No matter what else goes on in the world of professional wrestling, one thing remains certain: The world championship is the crown jewel of WWE.
Holding that belt means that the promotion has thrown the machine behind you and has strapped the proverbial rocket to your backside. The world title has launched the careers of Triple-H, Shawn Michaels, Steve Austin, the Rock, John Cena and Kurt Angle.
But what about the other guys?
What about the guys who got the title belt and were boring or, worse, didn't draw any money. No matter how popular you are, if you don't sell out house shows and draw TV ratings, you're a failure.
Let's take a look that those other guys.
Some of you probably already forgot that Jeff Hardy was world champion.
As one-half of the pretty boy tag team the Hardy Boyz (it was the 90s, Zs were really cool back then), Jeff became the breakout star by jumping from really high places and landing on tables.
However, his well-publicized battle with illegal substances led to his workrate deteriorating to the point where WWE made him pick rehab or the unemployment line. Unable to accept help, he chose the unemployment line.
After a stint in TNA, he returned "clean" to WWE and captured the WWE title at 2008 Armageddon in a triple-threat match with HHH and Edge. He then proceeded to do nothing with ratings or the title until dropping it a month later back to Edge.
A feud with CM Punk led to another unsuccessful title reign and Punk ultimately won the feud and sent Hardy back to the loving arms of TNA.
Antonio Inoki is a Japanese legend and one of the biggest wrestling stars on the planet, so don't think this is a knock on him, simply the reign.
Inoki defeated Bob Backlund in December 1979 in Japan to claim the world title. A rematch six days later ended in a no-contest but Inoki refused to accept the belt under such circumstances. The belt was declared vacant and Backlund beat Bobby Duncum shortly thereafter to reclaim the title.
This exchange has never been officially recognized by WWE except once in Raw Magazine during the Attitude Era when they were setting records for breaking kayfabe.
The title win by Inoki was certainly planned in advance and was only a promotional device to draw a big gate, so it's hardly Inoki's fault that he appears on this list.
Less than six months into his WWE career, Vince McMahon decided to award HHH's lifting buddy Sheamus with a megapush and a world title reign on the Raw brand.
The title did absolutely nothing to help Sheamus and no one cared even though he was supposed to be the biggest monster heel on the show.
He dropped the title to Randy Orton three months later but WWE still didn't learn their lesson because they put the title back on the pale Irishman at Fatal Four Way, an event which boasted one of the lowest buyrates in WWE history.
I was afraid to include Sheik on this list because I didn't want him to put me in the Camel Clutch and "humble" me like he's threatened to do to many other people.
The Iron Sheik was not a bad wrestler and not a bad draw, he was simply a transitional champion who served no other purpose than to move the strap from Bob Backlund to Hulk Hogan.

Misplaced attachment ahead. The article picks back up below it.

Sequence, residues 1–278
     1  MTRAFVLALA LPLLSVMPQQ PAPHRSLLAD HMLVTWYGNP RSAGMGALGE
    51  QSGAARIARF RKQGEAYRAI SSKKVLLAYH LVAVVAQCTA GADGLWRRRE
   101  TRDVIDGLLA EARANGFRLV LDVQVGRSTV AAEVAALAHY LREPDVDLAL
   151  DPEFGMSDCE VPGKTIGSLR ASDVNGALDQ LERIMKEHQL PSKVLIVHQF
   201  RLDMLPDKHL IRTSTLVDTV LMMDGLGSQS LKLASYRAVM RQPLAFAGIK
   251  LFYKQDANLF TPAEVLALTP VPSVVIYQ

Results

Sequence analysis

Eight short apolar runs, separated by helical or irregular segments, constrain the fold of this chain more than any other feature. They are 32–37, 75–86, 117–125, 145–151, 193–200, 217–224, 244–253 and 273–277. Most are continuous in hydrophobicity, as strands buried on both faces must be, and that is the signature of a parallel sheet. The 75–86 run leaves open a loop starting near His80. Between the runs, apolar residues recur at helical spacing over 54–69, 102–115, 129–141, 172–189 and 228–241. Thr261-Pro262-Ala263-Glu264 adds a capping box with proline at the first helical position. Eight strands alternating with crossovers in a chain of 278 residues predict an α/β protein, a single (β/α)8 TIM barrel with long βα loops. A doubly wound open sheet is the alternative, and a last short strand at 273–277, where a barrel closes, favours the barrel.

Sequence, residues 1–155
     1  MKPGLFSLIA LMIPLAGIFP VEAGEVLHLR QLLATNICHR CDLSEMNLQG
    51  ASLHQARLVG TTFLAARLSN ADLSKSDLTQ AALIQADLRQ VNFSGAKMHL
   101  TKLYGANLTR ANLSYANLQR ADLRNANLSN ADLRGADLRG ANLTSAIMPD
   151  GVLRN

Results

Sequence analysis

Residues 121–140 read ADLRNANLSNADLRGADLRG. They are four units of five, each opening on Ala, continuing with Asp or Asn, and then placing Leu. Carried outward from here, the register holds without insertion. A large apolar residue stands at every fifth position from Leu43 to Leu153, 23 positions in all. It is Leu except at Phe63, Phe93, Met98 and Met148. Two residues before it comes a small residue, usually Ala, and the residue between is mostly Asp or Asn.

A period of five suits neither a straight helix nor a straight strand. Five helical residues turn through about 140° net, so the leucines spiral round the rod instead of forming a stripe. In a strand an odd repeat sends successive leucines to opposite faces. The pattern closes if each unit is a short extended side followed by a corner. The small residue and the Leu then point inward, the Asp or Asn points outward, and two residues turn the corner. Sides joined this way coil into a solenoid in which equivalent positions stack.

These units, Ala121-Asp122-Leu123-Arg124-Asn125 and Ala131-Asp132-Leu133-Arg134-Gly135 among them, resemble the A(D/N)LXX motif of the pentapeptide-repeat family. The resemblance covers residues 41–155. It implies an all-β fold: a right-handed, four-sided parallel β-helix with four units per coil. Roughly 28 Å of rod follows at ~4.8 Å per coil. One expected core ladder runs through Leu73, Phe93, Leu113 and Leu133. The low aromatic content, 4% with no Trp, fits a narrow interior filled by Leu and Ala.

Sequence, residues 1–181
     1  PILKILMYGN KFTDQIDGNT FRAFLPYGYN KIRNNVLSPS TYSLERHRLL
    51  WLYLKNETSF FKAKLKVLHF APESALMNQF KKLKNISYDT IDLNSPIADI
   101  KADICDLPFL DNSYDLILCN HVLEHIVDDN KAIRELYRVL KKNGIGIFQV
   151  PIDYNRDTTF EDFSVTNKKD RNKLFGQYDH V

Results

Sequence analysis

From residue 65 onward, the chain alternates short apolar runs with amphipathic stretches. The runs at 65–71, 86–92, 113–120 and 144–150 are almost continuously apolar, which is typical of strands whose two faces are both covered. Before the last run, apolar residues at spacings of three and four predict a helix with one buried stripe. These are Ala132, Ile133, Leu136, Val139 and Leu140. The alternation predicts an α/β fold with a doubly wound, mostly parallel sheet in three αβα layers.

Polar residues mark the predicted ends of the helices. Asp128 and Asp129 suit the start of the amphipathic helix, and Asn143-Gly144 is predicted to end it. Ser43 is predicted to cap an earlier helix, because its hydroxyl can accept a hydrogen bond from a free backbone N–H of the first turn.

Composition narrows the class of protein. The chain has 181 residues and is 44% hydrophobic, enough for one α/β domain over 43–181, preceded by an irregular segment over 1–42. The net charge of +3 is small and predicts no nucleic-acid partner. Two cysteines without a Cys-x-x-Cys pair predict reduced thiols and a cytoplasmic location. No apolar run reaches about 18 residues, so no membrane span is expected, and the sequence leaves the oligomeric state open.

After he defeated Backlund when his manager Arnold Skaaland threw in the towel, Sheik held the belt for a little under a month until Hogan squashed him like a bug in Madison Square Garden to begin the WWF's Golden Age.
Jack Swagger was clearly being positioned as a star of the rise. He had already held the WWECW title and he won the Money in the Bank match to position him as the next big thing.
Unfortunately, after he won the title, Swagger did nothing to thrill the crowd and a feud with Big Show did nothing to give viewers a reason to watch.
Swagger developed a more serious personality when he won the title that seemed to bore the live crowd to tears and finally dropped the belt after 82 days to Rey Mysterio.
He was quickly shuffled down to the midcard where he remained until being booked as Michael Cole's bodyguard and being moved to Raw.
I'm probably going to catch heat for this one but there's no hiding that Van Dam's title reign was a major disappointment.
During the ECW revival of 2005, there was no bigger person who embodied the ECW style than Mr. Monday Night himself. Van Dam won the Money in the Bank ladder match at WrestleMania to set up a match between himself and champion John Cena at One Night Stand.
The live crowd at that event was the most incredible I had ever seen at a wrestling event. They spewed venom at Cena all night.
When Paul Heyman ran down to the ring during the climax of the match and counted three, the crowd went ballistic and RVD had finally reached the pinnacle of the business, long after people thought he deserved it.
A short time later, RVD and Sabu were pulled over by police with 18 grams of marijuana in their car and WWE had no choice but to pull the plug.
Not only did RVD's title reign crush his supporters, it also effectively ended the "rebirth" of the new ECW since goofs like the Big Show and Bobby Lashley were left to carry the torch of "extreme."
If you look up "Generic Foreign Heel" in the dictionary, there's a picture of Ivan Koloff.
If you look up "transitional champion" in the dictionary, there is also a picture of Ivan Koloff.
Koloff had the pleasure of ending Bruno Sammartino's crazy seven-and-a-half title reign and seemed poised to have a decent run with the belt.
Nope, as jobbed only 21 days later to the hot, young prospect of the time—Pedro Morales.
Considering Koloff's reign was sandwiched between Sammartino's nearly eight year reign and Pedro's almost two years, I think it's safe to call Koloff's time with the belt a major disappointment.
Sgt. Slaughter proves there is a very big difference between good heat and bad heat.
Good heat makes you want to go out and buy a ticket to see the heel get dominated (ex. Ric Flair), bad heat makes people change the channel.
Sgt. Slaughter was a great wrestler and, believe it or not, was considered an American icon. His character was actually even featured in the GI Joe line of action figures and would be in the cartoon series as well.
However, during the first Persian Gulf War, Vince McMahon turned Slaughter into an Iraqi sympathizer complete with a Saddam Hussein look-alike manager.
To say people didn't like it would be an extreme understatement.
Slaughter received death threats, was refused service at restaurants and had to call the police when his wife's life was threatened. Characters like the Iron Sheik and Ivan Koloff had played off American's xenophobia before but never had a character supported a foreign power when the US was actively at war with them.